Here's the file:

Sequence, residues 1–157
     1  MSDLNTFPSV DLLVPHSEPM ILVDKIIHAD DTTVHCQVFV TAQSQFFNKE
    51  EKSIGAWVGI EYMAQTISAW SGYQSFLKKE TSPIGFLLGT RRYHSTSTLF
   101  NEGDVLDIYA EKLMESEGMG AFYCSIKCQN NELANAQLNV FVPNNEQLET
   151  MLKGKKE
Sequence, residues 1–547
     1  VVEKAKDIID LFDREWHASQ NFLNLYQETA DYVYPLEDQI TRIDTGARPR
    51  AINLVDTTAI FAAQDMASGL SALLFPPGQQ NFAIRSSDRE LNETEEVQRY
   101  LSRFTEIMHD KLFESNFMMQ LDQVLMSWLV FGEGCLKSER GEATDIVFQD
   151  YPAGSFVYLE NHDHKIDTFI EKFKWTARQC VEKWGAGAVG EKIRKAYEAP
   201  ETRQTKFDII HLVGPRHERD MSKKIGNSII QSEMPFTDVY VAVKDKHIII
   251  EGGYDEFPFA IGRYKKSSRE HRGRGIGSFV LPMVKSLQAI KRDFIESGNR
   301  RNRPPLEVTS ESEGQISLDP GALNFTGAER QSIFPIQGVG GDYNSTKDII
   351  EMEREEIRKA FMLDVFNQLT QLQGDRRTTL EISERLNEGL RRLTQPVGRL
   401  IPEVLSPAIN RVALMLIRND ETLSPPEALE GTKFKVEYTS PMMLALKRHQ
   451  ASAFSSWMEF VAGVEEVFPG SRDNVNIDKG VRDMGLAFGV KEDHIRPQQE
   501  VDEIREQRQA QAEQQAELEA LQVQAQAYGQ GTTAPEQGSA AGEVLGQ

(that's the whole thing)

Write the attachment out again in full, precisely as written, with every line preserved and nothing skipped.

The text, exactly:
Sequence, residues 1–157
     1  MSDLNTFPSV DLLVPHSEPM ILVDKIIHAD DTTVHCQVFV TAQSQFFNKE
    51  EKSIGAWVGI EYMAQTISAW SGYQSFLKKE TSPIGFLLGT RRYHSTSTLF
   101  NEGDVLDIYA EKLMESEGMG AFYCSIKCQN NELANAQLNV FVPNNEQLET
   151  MLKGKKE
Sequence, residues 1–547
     1  VVEKAKDIID LFDREWHASQ NFLNLYQETA DYVYPLEDQI TRIDTGARPR
    51  AINLVDTTAI FAAQDMASGL SALLFPPGQQ NFAIRSSDRE LNETEEVQRY
   101  LSRFTEIMHD KLFESNFMMQ LDQVLMSWLV FGEGCLKSER GEATDIVFQD
   151  YPAGSFVYLE NHDHKIDTFI EKFKWTARQC VEKWGAGAVG EKIRKAYEAP
   201  ETRQTKFDII HLVGPRHERD MSKKIGNSII QSEMPFTDVY VAVKDKHIII
   251  EGGYDEFPFA IGRYKKSSRE HRGRGIGSFV LPMVKSLQAI KRDFIESGNR
   301  RNRPPLEVTS ESEGQISLDP GALNFTGAER QSIFPIQGVG GDYNSTKDII
   351  EMEREEIRKA FMLDVFNQLT QLQGDRRTTL EISERLNEGL RRLTQPVGRL
   401  IPEVLSPAIN RVALMLIRND ETLSPPEALE GTKFKVEYTS PMMLALKRHQ
   451  ASAFSSWMEF VAGVEEVFPG SRDNVNIDKG VRDMGLAFGV KEDHIRPQQE
   501  VDEIREQRQA QAEQQAELEA LQVQAQAYGQ GTTAPEQGSA AGEVLGQ